Stay Safe in Extreme Conditions!
Uluru is a very beautiful environment, but it is also quite harsh. Things to be aware of include heat exhaustion, dehydration and hyponatremia (loss of blood salts), as these are all real dangers.
How do I stay Safe in Extreme Temperatures?
Tips for Success in Extreme Temperatures
Keep you and your friends / family safe when visiting the Red Centre. Make sure you have:
- A GOOD HAT
preferably one that protects the back of your neck
- WEAR STRONG SHOES
for walking and hiking over large rocks
to protect your skin from prolonged direct sun
- WATER BOTTLES!
each adult should carry sufficient water to consume one litre per hour, to avoid dehydration
DID YOU KNOW: once you notice any symptoms, dehydration has already begun to affect the body.
This can lead to an even worse health condition very rapidly, and will affect everyone in the group.
We have even more tips for tour success in our FAQ page, including What to Bring (and what NOT to bring).
Looking After Yourself in Extreme Temperatures
There are some sensible and some not-so-sensible habits you can find in the desert. We think these are sensible ones worth passing on:
- Sports drinks, caffeinated drinks, diet cordials etc are not recommended
these can contribute to dehydration (but you will discover a new love for the taste of cool fresh water).
- Eat regular meals and take breaks frequently
keep energy levels up with snacks such as muesli bars and fruit (we have a lot of snacks for you on tour, but you can also bring your favourites).
- Walk and hike in cooler times of the day
typically the morning (before 11am) is the best, but always avoid hiking especially in the hotter hours (between 12 midday and 3pm if possible).
- Always stay on the walking tracks
these can change over the years and seasons (depending on vegetation and visibility to sacred sites). It is easy to become disorientated in the desert.
- Always walk with at least one other person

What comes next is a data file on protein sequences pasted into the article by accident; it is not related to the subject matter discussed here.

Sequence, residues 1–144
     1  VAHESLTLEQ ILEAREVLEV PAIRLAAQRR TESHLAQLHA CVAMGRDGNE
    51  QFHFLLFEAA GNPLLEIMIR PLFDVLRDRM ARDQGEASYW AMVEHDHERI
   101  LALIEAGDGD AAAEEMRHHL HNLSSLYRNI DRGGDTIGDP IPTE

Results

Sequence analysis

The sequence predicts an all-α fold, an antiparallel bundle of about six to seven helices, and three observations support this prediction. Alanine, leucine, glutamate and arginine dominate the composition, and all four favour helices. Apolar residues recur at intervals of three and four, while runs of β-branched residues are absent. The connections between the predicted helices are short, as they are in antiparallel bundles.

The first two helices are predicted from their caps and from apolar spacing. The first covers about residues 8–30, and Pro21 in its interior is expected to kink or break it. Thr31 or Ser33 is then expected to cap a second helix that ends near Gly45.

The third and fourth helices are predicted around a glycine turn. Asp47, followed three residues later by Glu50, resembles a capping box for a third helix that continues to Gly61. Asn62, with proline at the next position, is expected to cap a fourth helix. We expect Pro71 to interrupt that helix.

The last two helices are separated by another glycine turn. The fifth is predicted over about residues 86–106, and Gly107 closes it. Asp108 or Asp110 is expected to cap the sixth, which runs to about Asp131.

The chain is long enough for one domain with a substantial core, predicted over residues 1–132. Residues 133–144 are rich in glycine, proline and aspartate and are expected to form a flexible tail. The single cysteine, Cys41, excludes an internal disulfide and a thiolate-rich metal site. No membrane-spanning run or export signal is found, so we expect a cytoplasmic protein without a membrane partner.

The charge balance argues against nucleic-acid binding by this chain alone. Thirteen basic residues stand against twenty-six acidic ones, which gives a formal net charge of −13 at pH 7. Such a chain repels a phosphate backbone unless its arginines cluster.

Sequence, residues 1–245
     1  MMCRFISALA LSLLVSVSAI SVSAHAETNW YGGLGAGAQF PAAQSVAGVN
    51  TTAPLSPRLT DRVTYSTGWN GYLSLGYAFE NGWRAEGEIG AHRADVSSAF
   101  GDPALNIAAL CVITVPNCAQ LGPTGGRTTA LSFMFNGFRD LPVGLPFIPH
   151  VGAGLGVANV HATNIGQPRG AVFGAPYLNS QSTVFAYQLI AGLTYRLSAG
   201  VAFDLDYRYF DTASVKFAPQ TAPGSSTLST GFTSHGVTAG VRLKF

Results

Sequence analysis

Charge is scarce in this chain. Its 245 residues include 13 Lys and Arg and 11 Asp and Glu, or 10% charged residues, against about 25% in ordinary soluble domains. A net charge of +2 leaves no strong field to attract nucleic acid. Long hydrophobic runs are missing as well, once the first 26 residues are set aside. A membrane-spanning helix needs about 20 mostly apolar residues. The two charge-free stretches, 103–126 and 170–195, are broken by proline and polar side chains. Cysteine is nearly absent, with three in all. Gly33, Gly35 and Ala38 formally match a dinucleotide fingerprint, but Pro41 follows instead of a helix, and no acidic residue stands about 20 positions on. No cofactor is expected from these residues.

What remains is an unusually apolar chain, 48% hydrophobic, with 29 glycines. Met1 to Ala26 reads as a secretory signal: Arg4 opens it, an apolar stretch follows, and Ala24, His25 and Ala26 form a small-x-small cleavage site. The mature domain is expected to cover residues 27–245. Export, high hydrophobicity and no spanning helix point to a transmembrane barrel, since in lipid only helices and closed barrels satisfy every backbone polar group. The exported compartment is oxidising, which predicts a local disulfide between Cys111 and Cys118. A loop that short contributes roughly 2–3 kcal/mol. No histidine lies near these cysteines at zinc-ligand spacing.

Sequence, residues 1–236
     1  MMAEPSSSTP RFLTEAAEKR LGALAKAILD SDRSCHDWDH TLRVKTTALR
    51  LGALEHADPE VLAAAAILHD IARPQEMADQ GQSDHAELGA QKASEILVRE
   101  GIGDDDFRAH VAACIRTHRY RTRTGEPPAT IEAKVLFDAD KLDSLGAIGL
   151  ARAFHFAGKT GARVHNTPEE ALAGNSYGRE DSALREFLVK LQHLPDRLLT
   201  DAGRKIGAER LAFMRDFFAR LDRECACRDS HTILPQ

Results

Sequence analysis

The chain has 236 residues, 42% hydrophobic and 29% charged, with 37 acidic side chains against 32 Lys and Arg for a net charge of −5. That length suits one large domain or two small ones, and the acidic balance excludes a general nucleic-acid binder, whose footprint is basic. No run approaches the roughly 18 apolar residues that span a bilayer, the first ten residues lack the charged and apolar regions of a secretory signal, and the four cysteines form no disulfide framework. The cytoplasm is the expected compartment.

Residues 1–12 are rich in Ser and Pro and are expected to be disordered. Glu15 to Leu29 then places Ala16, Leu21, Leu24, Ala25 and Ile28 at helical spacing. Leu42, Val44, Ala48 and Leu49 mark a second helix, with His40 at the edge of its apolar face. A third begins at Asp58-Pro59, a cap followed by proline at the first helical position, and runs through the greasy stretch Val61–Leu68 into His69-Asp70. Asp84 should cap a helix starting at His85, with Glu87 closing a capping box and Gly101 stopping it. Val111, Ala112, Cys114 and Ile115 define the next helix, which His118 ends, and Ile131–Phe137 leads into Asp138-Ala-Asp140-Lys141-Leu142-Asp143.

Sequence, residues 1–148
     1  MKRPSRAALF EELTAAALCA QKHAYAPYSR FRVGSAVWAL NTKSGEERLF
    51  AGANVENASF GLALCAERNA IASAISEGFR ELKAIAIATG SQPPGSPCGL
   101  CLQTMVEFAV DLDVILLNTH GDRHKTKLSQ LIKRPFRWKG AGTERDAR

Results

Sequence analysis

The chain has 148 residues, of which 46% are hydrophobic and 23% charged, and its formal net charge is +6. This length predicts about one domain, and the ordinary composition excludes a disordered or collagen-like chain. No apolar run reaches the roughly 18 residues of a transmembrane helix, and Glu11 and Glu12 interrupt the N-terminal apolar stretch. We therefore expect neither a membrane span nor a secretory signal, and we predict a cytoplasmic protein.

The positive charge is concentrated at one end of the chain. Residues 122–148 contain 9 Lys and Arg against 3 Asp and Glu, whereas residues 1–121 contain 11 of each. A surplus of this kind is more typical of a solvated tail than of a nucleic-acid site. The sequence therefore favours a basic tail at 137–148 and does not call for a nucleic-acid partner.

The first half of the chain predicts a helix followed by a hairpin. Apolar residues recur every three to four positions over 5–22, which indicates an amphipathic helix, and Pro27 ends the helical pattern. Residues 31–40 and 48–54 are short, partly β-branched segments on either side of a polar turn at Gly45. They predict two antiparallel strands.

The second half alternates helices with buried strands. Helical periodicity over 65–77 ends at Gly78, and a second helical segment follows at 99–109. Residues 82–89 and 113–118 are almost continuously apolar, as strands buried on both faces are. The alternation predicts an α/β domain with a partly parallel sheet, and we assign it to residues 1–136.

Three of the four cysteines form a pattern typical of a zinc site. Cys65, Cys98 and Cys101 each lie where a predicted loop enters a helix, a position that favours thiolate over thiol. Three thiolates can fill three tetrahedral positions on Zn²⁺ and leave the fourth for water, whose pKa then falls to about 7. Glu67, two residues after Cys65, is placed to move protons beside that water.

during the tour, we explain options for people with different ability and energy levels. Your guide is responsible for your safety, so please help them by following instructions.
- Consider packing an electrolyte product
this will help you to replace lost fluids quicker than sipping water, and are readily available in any supermarket or pharmacy.
- Health or physical fitness concerns
in relation to hikes etc, you should consider avoiding activities which are in extreme heat. When in doubt, ask your guide. Mulgas guides are trained in First-Aid, and know how to keep safe in this environment.
- Heed all warnings and advice seriously
our priority is your safety and having a positive experience.
- Become familiar with the general symptoms
of Heat-related Illness such as dehydration, heat stress and heat stroke. Your guide will provide you with more information prior to hikes, including what to look out for, and how to look after each other as a group.
Special thanks to the Commonwealth Government, Northern Territory Government, Parks Australia, and Uluru Kata Tjuta National Park, for helping us to provide this great information for passengers.
What are the Symptoms of Heat-related Illness?
Heat-related illnesses include heat stress, heat stroke, dehydration and hyponatremia. We encourage all visitors to the Red Centre, to familiarise themselves with the symptoms of heat-related Illness.